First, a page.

I normally don't like to give writing advice because there are a lot of people who have been writing much longer and better than I. I'd rather stick to things I know, like snarky thoughts about camping, old-fashioned musicals, or discussing the strange but lovable creatures we call middle school students.
But I've had some major writer's block lately and it has me thinking about how to deal with it. I know that a fair number of aspiring authors read this blog, so I'm going to pass on what's helped me. Not in the spirit of pontificating, but just in case it helps anyone.
Because of the way my life is structured, I don't usually write everyday. It's just not feasible. Instead, I write in long patches on weekends or holidays, or during little league practices and that sort of thing.
I also write intuitively. That is, I don't have an outline. It just doesn't work for me. I wish it did and I've tried. I write more through a process akin to dramatic improv. There are clear terms and parameters, but within those parameters things happen in a wonderful, spontaneous way. I imagine I write this way because I was a theatre person long before I was an author.
This is all well and go0d--but it means that I'm extra susceptible to writer's block. If I have one gap all week to write and nothing comes--that's bad. And if that inspiration doesn't strike character-wise, then I'm stuck.
This week has been spring break. I wanted to get several posts done for a blogging gig I have as well as finishing a book I've been working on for a year or so. I have an idea for a new book I want to start, but I have a rule that I have to finish before staring the next one. Otherwise, I have 10 or 15 partially finished novels in my computer. So, I felt some urgency.
Here I was: motive, opportunity, and very rare large blocks of time. My laptop was warmed up, ready to go. And writer's block struck. Here's what I did that helped me.
1. Try something else. I know that a lot of people say the cure for writer's block is to keep writing. But I also think doing something else for a while can have a beneficial effect. I get some of my best ideas when I'm mowing the lawn or weeding. My wife swears that inspiration (not for writing, for other things) strikes her when doing dishes. Doing something that requires you to use different parts of your brain, something active and hands-on is always a big help for me. Exercise is similar.
2. Go back and make sure you didn't make a wrong choice earlier. I suspect this is less relevant for those who outline and write with a clearer plan. But I find that sometimes I have taken a wrong turn with a plot point or character choice. In doing that, I've limited the options or weakened the conflict. I usually find that if I go back, I find something I can tweak or change. That will often unlock the next several chapters very nicely.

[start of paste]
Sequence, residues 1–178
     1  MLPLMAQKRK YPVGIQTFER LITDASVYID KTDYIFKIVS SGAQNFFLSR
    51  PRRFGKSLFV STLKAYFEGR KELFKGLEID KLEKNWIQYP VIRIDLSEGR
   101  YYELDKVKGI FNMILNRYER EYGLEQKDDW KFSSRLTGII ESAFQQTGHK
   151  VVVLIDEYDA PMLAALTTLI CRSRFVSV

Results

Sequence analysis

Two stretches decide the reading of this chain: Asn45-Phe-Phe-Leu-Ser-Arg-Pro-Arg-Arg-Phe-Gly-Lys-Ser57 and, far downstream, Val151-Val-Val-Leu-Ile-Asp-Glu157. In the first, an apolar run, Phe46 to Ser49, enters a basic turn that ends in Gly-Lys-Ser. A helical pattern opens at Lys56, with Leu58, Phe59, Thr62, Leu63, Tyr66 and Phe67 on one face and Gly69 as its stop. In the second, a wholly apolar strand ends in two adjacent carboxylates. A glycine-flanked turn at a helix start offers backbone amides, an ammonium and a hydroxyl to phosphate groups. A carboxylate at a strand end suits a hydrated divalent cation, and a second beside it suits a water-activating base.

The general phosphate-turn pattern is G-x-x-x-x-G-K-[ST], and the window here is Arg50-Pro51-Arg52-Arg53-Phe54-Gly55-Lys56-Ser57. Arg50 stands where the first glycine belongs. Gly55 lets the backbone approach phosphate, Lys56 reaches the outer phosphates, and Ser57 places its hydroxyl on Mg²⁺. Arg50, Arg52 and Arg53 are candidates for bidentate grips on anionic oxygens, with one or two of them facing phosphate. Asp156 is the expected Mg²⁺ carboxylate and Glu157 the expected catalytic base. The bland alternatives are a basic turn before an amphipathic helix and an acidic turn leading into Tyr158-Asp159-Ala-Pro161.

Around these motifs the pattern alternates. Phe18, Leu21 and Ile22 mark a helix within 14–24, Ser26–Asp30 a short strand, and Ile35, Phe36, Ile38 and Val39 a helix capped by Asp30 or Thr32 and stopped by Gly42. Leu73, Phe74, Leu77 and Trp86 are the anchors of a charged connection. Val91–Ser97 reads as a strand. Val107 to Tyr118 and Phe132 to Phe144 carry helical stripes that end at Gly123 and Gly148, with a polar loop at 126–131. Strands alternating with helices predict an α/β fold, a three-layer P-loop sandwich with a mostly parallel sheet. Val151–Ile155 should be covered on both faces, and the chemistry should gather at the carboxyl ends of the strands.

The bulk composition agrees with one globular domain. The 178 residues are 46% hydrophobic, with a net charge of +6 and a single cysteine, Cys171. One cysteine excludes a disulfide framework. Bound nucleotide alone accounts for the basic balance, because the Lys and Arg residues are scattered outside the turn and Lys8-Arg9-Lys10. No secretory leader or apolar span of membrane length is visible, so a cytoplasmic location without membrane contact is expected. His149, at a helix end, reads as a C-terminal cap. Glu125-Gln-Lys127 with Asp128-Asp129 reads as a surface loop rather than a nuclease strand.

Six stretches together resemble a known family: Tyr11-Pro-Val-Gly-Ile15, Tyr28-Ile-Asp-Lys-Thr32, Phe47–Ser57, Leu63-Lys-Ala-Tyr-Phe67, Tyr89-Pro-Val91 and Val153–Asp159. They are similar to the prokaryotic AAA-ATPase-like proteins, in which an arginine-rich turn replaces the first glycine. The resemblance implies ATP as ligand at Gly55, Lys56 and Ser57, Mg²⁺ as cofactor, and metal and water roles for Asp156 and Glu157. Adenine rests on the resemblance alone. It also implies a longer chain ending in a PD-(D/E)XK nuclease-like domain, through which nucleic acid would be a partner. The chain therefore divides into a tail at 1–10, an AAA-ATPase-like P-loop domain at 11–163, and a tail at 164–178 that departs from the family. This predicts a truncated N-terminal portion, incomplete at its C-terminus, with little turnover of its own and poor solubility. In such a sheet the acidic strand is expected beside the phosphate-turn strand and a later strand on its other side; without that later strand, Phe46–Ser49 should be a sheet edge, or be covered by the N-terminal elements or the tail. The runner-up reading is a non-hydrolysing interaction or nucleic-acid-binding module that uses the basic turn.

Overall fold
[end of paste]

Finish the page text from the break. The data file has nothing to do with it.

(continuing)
3. Edit what you have. Sometimes when I'm really desperate, I'll go back and edit or polish earlier chapters. Besides the value of having a better final product, sometimes something I see will spark something for the point of the story that is stuck. It might be some unintetional foreshadowing, or a line of dialogue I had forgotten about. If nothing else, then I get a jump on the editing and revising that I will inevitably do.
4. Keep writing. Sometimes I know what I write is no good. Sometimes it's almost painful, in fact. But it can be changed and polished and revised later. Getting something on the page means I'm part-way there. I believe it was Madeleine L'Engle who said, "Books are not written. They are rewritten" and that is very true.
5. Do other things you have to do that you won't when you start writing again. This is related to number 1, but it's important so I'm listing it again. Because many writers do tend to get carried away and write for hours at a time when inspiration strikes, I have tried to be conscious of using the down-times more consciously. I try to play games with the kids and engage with my wife so that, when inspiration does come again, I hopefully have filled their buckets a bit before I go and become a hermit again--a hermit who mutters madly over his computer while trying strange expressions and weird voices.
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